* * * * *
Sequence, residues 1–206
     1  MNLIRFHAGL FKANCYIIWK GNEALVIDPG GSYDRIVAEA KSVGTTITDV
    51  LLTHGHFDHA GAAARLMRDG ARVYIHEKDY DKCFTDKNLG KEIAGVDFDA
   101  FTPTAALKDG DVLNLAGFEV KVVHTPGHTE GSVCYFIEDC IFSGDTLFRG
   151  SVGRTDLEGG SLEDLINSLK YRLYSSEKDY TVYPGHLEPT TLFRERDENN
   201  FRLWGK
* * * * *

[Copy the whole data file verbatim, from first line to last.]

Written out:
Sequence, residues 1–206
     1  MNLIRFHAGL FKANCYIIWK GNEALVIDPG GSYDRIVAEA KSVGTTITDV
    51  LLTHGHFDHA GAAARLMRDG ARVYIHEKDY DKCFTDKNLG KEIAGVDFDA
   101  FTPTAALKDG DVLNLAGFEV KVVHTPGHTE GSVCYFIEDC IFSGDTLFRG
   151  SVGRTDLEGG SLEDLINSLK YRLYSSEKDY TVYPGHLEPT TLFRERDENN
   201  FRLWGK